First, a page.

Congress created the 340B Drug Pricing Program to help vulnerable patients access medicines at safety net facilities. Under the program, manufacturers are required to provide steep, mandatory discounts on outpatient medicines to certain safety net clinics and qualifying hospitals. Nearly three decades after the program was created, the program no longer resembles its original mission, with little to no evidence patients are always benefiting. Today, large hospital systems, for-profit pharmacies and other middlemen have co-opted a program meant to help patients and turned it into one that boosts their bottom lines.
of all hospitals in the United States participate in the 340B program
of hospitals that receive 340B discounts have charity care rates below the national average of 2.7% for all hospitals
in estimated gross profits was generated by 340B covered entities and their contract pharmacies on 340B retail medicines in 2018 alone
The 340B program, which is solely funded by the biopharmaceutical industry, is now the second largest federal prescription drug program, behind only Medicare Part D. The current 340B program attracts entities and for-profit pharmacies because lax program rules enable them to manipulate the program to benefit their bottom lines, often to the detriment of patients. Alarmingly, an analysis in the New England Journal of Medicine concluded that, “financial gains for [340B] hospitals have not been associated with clear evidence of expanded care or lower mortality among low-income patients.”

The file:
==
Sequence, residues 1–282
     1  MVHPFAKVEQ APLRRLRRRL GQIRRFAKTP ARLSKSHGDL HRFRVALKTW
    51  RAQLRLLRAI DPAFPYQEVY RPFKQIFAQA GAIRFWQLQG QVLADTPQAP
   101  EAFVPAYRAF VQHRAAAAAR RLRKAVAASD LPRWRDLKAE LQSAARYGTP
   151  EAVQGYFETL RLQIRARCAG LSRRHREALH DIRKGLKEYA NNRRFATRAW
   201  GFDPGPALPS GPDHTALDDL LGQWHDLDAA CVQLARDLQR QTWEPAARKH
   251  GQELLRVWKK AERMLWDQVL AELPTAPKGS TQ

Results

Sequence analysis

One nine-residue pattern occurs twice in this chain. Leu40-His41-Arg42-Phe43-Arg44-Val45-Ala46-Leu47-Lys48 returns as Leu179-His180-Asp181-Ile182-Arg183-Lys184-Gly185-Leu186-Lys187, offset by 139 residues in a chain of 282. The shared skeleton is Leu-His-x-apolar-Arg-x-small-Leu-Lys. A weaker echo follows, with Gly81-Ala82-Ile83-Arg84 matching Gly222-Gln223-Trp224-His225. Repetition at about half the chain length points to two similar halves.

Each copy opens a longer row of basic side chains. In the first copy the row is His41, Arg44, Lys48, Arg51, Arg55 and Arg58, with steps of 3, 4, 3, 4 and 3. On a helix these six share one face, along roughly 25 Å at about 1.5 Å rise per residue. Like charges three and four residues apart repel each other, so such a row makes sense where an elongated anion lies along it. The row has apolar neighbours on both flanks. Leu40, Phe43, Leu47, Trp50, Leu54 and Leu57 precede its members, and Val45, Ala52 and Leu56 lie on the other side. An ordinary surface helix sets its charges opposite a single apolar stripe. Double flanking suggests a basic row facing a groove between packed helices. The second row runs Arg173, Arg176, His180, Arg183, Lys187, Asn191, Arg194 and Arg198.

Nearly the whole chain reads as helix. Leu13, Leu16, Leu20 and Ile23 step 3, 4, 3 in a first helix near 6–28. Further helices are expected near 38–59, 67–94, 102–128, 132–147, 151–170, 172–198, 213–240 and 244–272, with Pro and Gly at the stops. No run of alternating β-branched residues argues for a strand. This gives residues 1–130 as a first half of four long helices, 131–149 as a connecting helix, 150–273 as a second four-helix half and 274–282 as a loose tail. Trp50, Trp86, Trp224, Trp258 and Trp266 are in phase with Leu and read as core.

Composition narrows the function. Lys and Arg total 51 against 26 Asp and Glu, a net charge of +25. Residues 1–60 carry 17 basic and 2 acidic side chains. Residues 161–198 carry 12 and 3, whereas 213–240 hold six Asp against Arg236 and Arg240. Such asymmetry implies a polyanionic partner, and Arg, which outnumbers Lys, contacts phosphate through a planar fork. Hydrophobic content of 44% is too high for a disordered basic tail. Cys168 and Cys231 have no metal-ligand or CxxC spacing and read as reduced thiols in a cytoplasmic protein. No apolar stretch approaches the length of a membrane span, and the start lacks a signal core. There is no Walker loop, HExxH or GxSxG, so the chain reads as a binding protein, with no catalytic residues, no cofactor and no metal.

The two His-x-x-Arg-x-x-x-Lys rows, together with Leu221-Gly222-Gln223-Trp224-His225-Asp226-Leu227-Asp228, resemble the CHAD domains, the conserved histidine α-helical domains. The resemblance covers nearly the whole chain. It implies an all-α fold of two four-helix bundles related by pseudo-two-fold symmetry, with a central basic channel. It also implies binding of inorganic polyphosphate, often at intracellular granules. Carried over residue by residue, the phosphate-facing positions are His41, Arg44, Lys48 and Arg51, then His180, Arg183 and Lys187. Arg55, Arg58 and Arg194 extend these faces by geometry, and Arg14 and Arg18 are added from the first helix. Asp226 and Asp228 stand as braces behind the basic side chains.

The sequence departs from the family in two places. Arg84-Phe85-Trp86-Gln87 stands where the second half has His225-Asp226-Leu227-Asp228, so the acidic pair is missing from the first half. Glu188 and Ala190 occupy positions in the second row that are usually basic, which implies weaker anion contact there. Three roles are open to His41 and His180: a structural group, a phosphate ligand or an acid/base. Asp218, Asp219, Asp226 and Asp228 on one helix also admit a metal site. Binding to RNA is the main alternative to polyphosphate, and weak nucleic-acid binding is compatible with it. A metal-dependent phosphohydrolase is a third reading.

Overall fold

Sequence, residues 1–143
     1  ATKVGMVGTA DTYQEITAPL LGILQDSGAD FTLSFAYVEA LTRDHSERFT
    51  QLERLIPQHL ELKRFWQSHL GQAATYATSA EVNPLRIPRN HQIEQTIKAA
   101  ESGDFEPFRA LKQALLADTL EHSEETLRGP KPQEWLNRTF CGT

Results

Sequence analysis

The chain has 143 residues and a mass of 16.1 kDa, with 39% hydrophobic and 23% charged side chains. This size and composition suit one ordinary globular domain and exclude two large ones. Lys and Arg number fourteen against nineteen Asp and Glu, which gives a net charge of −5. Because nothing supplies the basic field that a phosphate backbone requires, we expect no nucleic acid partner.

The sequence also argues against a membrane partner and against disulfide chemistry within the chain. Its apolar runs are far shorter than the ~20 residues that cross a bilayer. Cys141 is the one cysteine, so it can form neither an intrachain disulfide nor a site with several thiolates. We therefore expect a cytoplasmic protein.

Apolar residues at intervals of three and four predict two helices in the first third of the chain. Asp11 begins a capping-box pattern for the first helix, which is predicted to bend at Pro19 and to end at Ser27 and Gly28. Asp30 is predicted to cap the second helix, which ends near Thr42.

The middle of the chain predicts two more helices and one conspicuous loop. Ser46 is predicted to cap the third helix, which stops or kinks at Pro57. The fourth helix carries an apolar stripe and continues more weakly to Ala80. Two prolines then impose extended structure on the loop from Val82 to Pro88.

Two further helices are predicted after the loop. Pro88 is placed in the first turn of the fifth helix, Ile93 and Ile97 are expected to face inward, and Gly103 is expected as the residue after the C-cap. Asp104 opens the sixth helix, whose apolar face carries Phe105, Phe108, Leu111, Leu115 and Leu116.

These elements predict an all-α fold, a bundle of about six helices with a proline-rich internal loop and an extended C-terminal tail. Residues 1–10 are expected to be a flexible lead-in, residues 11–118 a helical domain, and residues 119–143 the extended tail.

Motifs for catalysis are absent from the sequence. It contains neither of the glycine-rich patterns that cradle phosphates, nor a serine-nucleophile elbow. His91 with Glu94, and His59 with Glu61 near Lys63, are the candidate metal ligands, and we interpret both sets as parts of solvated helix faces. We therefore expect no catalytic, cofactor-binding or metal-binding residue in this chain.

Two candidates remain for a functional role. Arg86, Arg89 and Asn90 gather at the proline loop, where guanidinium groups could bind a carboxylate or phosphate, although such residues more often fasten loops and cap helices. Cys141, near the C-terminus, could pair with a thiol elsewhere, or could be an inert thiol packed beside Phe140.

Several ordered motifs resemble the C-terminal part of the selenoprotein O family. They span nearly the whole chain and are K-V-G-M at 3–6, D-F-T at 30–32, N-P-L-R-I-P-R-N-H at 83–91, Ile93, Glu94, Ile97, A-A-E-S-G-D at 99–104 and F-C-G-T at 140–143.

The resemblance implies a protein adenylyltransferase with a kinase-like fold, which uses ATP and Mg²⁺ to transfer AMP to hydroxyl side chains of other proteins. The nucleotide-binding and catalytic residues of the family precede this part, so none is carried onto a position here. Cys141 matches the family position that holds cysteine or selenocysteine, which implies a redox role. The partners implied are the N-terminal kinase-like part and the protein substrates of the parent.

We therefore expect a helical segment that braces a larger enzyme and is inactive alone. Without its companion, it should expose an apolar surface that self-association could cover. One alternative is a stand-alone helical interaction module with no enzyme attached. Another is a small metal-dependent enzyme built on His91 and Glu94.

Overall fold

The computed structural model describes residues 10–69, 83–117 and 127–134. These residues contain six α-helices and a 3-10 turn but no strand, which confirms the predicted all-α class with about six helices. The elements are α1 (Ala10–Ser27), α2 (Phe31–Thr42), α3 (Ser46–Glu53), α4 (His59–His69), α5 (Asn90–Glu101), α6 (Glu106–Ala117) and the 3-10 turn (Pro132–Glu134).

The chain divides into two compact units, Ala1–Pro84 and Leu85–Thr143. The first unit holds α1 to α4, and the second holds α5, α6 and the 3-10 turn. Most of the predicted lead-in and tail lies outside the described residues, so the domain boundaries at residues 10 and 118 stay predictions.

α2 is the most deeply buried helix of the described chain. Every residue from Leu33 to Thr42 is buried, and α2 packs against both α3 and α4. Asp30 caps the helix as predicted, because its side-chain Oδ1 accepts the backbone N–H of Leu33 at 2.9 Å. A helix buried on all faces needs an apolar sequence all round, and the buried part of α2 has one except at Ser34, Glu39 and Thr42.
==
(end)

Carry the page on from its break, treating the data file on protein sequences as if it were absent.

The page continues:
Biopharmaceutical companies are advocating for meaningful improvements that can be made to ensure patients benefit more directly from the discounts provided by manufacturers and that covered entities are held accountable for how they use 340B discounts. These improvements include: